How to stay warm at night when camping in the cold

It's no fun going to bed feeling cold and miserable when you’re out in the wilderness. In New Zealand the weather can be changeable and throughout the year temperatures can get chilly overnight. Here are some simple tips to help you warm up and stay warm when camping out in the cold.

Have the right gear

Warm, dry clothes - Make sure you wear dry clothes when going to sleep – if possible change out of dirty, sweaty, damp clothing. Warm insulating clothes like synthetics and wool maintain your body heat – generally adding extra layers will make you warmer (don’t overdo it though).  Wear a good pair of socks to prevent cold feet and wear a warm hat as a lot of heat is lost through your head. 

A dry sleeping bag - Have a dry sleeping bag. A damp sleeping bag is uncomfortable and draws heat from your body. Moisture reduces loft and the insulating effect in down sleeping bags but not so much in synthetic sleeping bags. Dry your sleeping bag out during the day if possible and keep your bag dry in a waterproof stuff sack when on the move.

A suitable sleeping bag - Having a warm sleeping bag that can handle the conditions is really important. Sleeping bags usually have temperature ratings showing comfort limit (for women), lower limit (for men), and extreme limit (to prevent hypothermia). Choose a bag that will has temperature ratings 5 to 10 degrees Celsius lower than the temperature you expect to be using it in. Having a sleeping bag that feels too warm is easier to deal with than having a bag that leaves you shivering. 

A sleeping pad / mat with an appropriate R-value - Sleeping directly on cold ground sucks heat out of your body and will make you feel cold. When the temperature drops, having a proper insulation between your body and the ground is crucial. There are lots of foam sleeping mat, self-inflating pad and inflatable air pad options available. These come with and R rating of 1-10, the higher the number the more insulation and warner they will be. Generally 0-2 is ok for warm temps, 2-4 for most 3 season camping, 4-6 for temperatures around freezing and higher than that is suitable for snow. Many people use a combination of closed cell foam mat and inflatable air pad to increase insulation and the combined R value. If you are on your pad but still feeling cold you can also use spare clothing, blankets etc. to create another layer between you and the ground to improve insulation and warmth.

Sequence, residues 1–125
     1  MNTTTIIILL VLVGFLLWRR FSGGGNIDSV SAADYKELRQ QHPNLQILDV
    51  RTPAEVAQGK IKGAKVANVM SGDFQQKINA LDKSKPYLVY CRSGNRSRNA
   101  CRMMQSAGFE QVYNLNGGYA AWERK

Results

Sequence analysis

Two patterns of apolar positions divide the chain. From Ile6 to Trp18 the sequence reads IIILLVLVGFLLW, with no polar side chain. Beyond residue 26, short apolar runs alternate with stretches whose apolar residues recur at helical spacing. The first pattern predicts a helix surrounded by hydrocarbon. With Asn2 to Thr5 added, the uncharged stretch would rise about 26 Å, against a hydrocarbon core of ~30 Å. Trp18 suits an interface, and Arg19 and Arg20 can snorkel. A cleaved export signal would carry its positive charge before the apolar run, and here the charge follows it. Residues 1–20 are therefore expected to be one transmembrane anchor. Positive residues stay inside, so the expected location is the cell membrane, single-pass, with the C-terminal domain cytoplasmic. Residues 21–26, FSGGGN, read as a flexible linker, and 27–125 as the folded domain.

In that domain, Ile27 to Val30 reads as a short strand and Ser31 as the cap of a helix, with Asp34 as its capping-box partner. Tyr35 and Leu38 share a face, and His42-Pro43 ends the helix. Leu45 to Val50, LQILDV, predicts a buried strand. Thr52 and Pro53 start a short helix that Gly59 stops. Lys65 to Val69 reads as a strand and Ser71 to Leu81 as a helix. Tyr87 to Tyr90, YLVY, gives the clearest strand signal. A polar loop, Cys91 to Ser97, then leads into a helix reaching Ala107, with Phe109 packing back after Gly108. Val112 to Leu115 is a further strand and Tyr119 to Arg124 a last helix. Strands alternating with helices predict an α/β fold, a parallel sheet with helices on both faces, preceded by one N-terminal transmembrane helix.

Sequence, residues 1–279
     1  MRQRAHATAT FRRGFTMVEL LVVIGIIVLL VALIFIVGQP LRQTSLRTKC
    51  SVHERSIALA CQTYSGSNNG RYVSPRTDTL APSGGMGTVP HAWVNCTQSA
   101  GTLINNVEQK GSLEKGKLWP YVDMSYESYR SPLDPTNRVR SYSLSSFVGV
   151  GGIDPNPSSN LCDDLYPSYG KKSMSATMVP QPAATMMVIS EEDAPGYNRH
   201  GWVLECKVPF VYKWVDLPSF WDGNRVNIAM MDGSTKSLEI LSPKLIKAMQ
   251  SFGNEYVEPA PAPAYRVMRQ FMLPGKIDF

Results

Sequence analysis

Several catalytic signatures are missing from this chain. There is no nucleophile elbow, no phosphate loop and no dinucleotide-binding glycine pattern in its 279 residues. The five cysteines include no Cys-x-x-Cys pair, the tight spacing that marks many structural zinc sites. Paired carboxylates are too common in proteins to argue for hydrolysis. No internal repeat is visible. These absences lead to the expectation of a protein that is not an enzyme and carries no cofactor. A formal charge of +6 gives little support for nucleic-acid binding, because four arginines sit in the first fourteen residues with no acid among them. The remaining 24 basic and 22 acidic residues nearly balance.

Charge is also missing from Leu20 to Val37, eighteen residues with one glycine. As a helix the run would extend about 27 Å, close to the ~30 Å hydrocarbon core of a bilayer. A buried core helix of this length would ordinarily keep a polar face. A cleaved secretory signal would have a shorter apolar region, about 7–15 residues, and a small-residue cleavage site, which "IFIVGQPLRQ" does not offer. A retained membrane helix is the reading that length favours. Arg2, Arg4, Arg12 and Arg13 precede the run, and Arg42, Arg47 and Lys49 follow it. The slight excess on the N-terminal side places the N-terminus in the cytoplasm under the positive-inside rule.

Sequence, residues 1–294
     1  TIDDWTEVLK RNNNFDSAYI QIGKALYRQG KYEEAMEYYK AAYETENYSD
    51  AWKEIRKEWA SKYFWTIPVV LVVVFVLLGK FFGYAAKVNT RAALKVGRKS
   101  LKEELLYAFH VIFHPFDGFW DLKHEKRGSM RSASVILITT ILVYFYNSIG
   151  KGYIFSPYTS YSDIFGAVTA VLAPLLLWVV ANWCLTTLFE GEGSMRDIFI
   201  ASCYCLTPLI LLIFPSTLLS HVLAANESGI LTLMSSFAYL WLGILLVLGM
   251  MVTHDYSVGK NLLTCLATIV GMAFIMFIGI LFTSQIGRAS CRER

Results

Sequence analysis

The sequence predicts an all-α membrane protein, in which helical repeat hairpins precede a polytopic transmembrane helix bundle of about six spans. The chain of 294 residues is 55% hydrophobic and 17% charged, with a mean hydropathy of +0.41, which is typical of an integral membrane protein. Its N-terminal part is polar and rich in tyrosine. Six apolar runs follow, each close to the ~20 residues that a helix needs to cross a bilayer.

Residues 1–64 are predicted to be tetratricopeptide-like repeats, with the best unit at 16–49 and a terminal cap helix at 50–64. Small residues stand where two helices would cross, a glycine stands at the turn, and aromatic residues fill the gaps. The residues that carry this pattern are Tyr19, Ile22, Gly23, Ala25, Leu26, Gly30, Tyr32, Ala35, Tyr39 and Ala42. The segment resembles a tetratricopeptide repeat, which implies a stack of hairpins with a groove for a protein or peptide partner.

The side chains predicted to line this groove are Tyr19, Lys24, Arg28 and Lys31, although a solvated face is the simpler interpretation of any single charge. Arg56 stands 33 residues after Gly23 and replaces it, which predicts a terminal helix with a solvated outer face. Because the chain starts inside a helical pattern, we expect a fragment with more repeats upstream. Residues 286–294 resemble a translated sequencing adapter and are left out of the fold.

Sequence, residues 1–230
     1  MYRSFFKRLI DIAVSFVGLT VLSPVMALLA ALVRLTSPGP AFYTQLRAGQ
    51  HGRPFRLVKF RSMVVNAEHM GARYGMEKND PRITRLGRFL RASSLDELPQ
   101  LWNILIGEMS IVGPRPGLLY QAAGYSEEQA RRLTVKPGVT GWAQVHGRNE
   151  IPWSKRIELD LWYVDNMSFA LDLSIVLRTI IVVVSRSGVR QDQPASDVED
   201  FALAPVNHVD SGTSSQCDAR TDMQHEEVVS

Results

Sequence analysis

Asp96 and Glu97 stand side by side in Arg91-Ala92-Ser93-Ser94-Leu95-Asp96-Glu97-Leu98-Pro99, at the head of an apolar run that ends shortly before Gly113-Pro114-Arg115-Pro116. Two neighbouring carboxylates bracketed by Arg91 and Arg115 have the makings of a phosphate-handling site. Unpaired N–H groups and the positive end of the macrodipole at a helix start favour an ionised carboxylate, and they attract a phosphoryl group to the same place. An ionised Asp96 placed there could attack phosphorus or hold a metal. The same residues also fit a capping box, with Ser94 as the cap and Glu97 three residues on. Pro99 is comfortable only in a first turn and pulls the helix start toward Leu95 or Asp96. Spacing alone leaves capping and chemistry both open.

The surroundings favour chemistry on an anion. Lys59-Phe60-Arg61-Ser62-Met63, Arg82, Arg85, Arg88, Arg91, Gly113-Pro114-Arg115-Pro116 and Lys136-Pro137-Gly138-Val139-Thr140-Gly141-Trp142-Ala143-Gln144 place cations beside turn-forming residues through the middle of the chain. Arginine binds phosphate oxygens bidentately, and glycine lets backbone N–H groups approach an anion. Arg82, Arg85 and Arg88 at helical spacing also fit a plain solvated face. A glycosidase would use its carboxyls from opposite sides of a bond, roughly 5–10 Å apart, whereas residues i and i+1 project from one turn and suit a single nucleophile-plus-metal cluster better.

A sleeping bag liner – one of these offers more insulation and can add a few degrees to the warmth of your sleeping bag.  

A 3-4 or 4 season tent – Check out tents for sale in NZ rated 3-4 season or 4 season which are designed for use during the harsher, colder winter months. They typically have less mesh and more fabric on the inner walls to help with warmth retention inside the tent. They may also have flaps or skirts on the outer fly that can block out cold winds. But avoid the temptation of sealing the tent up completely - ventilation is needed to prevent excessive condensation and moisture build up.  

Time for bed

Warm your body up before you get into your sleeping bag - Try a few star jumps or jumping jacks or exercises to warm up the body and get into your sleeping bag nice and warm (but don’t overdo it to the point of sweating). Warmth comes from within, and any insulation from a sleeping bag will keep it there. You can also do a few sit ups in your bag to help warm yourself up and get the blood flowing again.

Eat just before you go to bed - Keep your body’s metabolism working for as long as possible by eating dinner or a snack just before going to bed. This will keep your body warmer for longer and keep you asleep for longer. Something high in protein and fat will keep your metabolism working longer.

Stay hydrated but not too much - Keep your body running smoothly by making sure you’re hydrated. You’re less likely to feel thirsty in the cold weather but too much water before bed may mean having to go out into the cold for bathroom breaks. And a full bladder also requires more energy from your body to keep that liquid warm. Go to the bathroom before bed.  

A hot water bottle - Consider taking a bottle of hot water to bed to warm up the cold spots and keep you warm.

During the night

Sleep snug in your bag - Use the drawstrings on your sleeping bag to pull the hood tight around your face. Some have a strip of fabric around the back of your neck that prevents heat escaping from around your shoulders.

Don’t breathe into your sleeping bag - Breathing into your sleeping bag might seem like a good idea to warm things up but eventually all that moist air is going to make things damp. Keep your nose and mouth out of your sleeping bag to breathe.

More exercise – If you wake up cold in the night try a few sit ups to get the body warmed up again.

A snack – Again if you wake up cold during the night you can have a quick snack to get your metabolism going again.

Keep your tent ventilated - The heat from your body and moisture from your breath inside your tent at night can cause condensation and make everything in your tent slightly damp. Moisture and condensation will lead to colder temperatures inside your tent. It may sound counter-intuitive but you need to keep your tent ventilated at night to allow good airflow to prevent the build-up of condensation.


So there's some easy tips from us at Intents Outdoors on how to stay warm when trying to sleep out when camping in winter or when the nights get colder than you expected. Let us know if you've got any other good ideas to add to the list on how to keep warm at night. And yes, someone has already suggested 'working out' with a friend to generate some extra body heat.

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